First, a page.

Friday, March 30, 2012

Banning Fracking

When I drive through upstate New York, I’m always in awe of the natural beauty of the state of which I am proud to call myself a citizen.  I’m also greatly appreciative of the fairly stringent environmental regulations of New York State that have created a reservoir system in which water is so pure that it doesn’t even require filtration.  It’s actually the largest unfiltered surface water supply in the world!  Very few states in the country can boast that kind of achievement.

That’s why I’m particularly disturbed by a plan that’s underway that would permanently scar some of the most pristine natural areas of the state and at the same time threaten the integrity of our state’s water supply.  What is this nefarious plan, you may be wondering, and what sort of villains are behind it? 

The plan is to open up large parts of upstate western New York to hydraulic fracking for natural gas.  And the villains behind this plan—besides the usual suspects in the gas and oil industry—seem to be our own elected officials in both political parties. 

What is Fracking, Anyway?

In case you’re not up on this issue, the Marcellus Shale is a black shale rock formation that extends from Ohio and West Virginia through Pennsylvania and into western New York.  For years geologists have known that this shale formation contained large supplies of natural gas, but the depth and tightness of the shale made gas extraction difficult and expensive.  Recently, however, the development of  hydraulic fracturing—or fracking, as it is commonly called—has made it possible for corporate interests to get their greedy little paws on this gas, which potentially could mean billions of dollars in revenue for them. 

In order to drill for gas, shale gas companies come into an area, buy up drilling rights from landowners, and then raze large patches of land in formerly undisturbed natural areas. The process of hydraulic fracking itself injects thousands of gallons of water, toxic chemicals, and sand into horizontally-drilled wells under high pressure to release the natural gas from shale. 
The Fracking Procedure
Dangers of Fracking
While this process does indeed have the potential to extract large amounts of natural gas, there are some significant problems associated with fracking that have led most environmental groups to condemn the practice.
  • With each frack 80,000 pounds of toxic chemicals are leached into the land.  Seventy percent of fracking fluids, furthermore, stay underground and are not biodegradable.  Methane and other toxic chemicals used in fracking can then leach into groundwater, posing a huge health risk for those who depend upon this water (and please remember, millions of people in New York City depend upon drinking water from reservoirs that potentially could become contaminated).
  • Recent studies suggest that toxic chemicals released into the air during the process of fracking may pose a serious health risk to human beings.
  • Fracking activities can cause seismic faults that can lead to earthquakes (as was the case recently in Ohio).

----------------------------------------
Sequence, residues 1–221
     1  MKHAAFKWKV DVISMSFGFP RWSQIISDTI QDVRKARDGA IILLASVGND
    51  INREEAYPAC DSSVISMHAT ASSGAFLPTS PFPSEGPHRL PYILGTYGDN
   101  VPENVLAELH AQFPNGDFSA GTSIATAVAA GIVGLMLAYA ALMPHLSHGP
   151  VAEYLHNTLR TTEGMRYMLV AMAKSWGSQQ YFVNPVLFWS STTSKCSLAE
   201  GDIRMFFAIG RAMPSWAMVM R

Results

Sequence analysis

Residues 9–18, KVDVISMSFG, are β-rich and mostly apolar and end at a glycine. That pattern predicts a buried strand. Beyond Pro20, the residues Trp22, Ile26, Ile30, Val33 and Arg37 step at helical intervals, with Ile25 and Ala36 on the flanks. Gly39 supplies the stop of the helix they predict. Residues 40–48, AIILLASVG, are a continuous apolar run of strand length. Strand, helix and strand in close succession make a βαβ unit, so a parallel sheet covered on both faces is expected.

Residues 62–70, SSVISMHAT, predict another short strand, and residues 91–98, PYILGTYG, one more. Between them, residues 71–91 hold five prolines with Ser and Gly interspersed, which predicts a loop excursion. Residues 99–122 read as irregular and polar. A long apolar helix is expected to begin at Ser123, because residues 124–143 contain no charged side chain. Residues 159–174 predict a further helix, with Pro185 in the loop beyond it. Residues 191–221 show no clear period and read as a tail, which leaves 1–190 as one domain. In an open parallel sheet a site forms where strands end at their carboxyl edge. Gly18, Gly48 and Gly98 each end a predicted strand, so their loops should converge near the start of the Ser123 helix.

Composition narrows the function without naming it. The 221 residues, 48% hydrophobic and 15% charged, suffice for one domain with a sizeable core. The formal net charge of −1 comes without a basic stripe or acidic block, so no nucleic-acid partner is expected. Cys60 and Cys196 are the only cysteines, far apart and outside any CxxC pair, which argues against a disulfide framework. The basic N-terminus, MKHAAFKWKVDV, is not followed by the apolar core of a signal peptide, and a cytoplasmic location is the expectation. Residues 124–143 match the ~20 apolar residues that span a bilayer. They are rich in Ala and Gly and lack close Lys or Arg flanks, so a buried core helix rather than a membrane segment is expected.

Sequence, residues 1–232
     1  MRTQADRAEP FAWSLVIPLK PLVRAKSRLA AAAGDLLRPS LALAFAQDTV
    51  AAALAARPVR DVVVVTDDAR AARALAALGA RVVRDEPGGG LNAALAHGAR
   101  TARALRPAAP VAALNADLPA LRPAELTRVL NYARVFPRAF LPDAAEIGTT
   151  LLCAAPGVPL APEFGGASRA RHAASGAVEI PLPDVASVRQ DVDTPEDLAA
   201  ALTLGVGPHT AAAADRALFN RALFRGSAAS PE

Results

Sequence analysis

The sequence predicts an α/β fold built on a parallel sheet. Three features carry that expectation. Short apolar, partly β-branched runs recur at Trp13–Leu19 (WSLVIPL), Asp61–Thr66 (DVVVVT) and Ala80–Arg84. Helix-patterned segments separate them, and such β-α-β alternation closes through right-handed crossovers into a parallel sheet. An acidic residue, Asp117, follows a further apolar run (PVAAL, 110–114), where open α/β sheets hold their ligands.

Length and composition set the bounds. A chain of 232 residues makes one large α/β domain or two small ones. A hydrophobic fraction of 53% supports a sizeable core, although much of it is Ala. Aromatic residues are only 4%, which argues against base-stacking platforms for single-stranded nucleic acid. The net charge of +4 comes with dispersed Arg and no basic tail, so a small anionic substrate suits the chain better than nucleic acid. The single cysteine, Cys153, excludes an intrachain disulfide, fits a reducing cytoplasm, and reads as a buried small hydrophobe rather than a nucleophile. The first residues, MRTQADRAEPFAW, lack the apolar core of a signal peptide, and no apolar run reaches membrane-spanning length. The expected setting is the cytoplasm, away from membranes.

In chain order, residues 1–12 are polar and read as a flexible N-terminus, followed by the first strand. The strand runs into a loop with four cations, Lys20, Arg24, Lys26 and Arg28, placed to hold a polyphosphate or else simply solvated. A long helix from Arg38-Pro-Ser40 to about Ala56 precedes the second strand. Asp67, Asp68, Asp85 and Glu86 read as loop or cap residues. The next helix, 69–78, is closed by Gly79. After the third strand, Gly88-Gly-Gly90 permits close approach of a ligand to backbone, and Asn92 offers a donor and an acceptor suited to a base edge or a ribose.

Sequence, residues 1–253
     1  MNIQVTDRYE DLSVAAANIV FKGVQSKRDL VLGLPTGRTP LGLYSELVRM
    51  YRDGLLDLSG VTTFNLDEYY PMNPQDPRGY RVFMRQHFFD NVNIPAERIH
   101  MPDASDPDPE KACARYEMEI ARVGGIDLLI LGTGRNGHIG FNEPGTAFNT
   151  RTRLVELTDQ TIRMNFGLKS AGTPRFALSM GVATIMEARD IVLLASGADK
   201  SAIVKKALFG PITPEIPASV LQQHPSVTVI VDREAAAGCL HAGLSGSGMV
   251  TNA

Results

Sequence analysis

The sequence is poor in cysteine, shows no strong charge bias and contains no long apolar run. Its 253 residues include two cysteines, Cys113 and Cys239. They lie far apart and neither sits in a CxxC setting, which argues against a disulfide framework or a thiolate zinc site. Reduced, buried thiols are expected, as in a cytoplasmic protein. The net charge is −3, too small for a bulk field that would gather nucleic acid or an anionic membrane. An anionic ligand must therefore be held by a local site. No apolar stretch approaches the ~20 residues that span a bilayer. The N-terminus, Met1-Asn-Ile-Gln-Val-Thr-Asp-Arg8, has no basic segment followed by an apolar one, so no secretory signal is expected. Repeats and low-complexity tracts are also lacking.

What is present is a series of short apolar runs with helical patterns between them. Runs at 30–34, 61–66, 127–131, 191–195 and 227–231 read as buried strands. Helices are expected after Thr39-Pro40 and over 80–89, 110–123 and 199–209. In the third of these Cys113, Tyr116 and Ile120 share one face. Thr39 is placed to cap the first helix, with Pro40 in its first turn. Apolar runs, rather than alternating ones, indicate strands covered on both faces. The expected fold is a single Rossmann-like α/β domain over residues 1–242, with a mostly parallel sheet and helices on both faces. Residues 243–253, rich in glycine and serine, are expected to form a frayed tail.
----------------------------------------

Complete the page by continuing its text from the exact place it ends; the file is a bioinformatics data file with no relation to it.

• The chemicals used in shale drilling may be linked to increases in cancer rates found among those who live near drilling sites.
These are just a few of the many environmental and health risks associated with hydraulic fracking.  Now, you will hear representatives from the oil and gas industry claim that the dangers of drilling for gas are overstated.  The industry, furthermore, has recently spent huge sums of money to convince people in the areas that could be affected by drilling that the procedures that they have in place for extracting gas are perfectly safe.  Of course, these were the same people who claimed that there was no possibility of oil spills in the Gulf of Mexico, and we are still paying the price for their lies. 
So What Can We Do?
As I write this, New York’s Governor, Andrew Cuomo, is deliberating about whether to allow fracking to go ahead in New York State.  The signs don’t look positive:  Cuomo and Senate Majority Leader Dean Skelos have already blocked a proposal for an independent health impact study of hydraulic fracking and are under continuous pressure from gas and oil interests to allow them to rape and plunder the natural resources of our state.     

But what can any one of us do in the face of the millions of dollars that the gas and oil industries have available to distort public opinion and buy compliance from our elected officials?  Individually, we can’t very much.  But collectively we have the power to sway public opinion, force our elective officials to work for the common good, and prevent further degradation to our natural environment. 
So here are a few simple things you can do if you care about this issue:
  • Inform yourself about the issue, so you understand fully the price that all of us will have to pay if fracking is permitted in New York State.  A good place to start is at the No Fracking site, which contains as much information as you could ever want to know about this issue in addition to many useful links.
  • Sign an on-line petition to persuade Governor Cuomo to ban fracking in New York State.  Or even better, call the Governor’s office directly to voice your opposition.  The Working Families Party has a hotline that makes it easy for you to do this.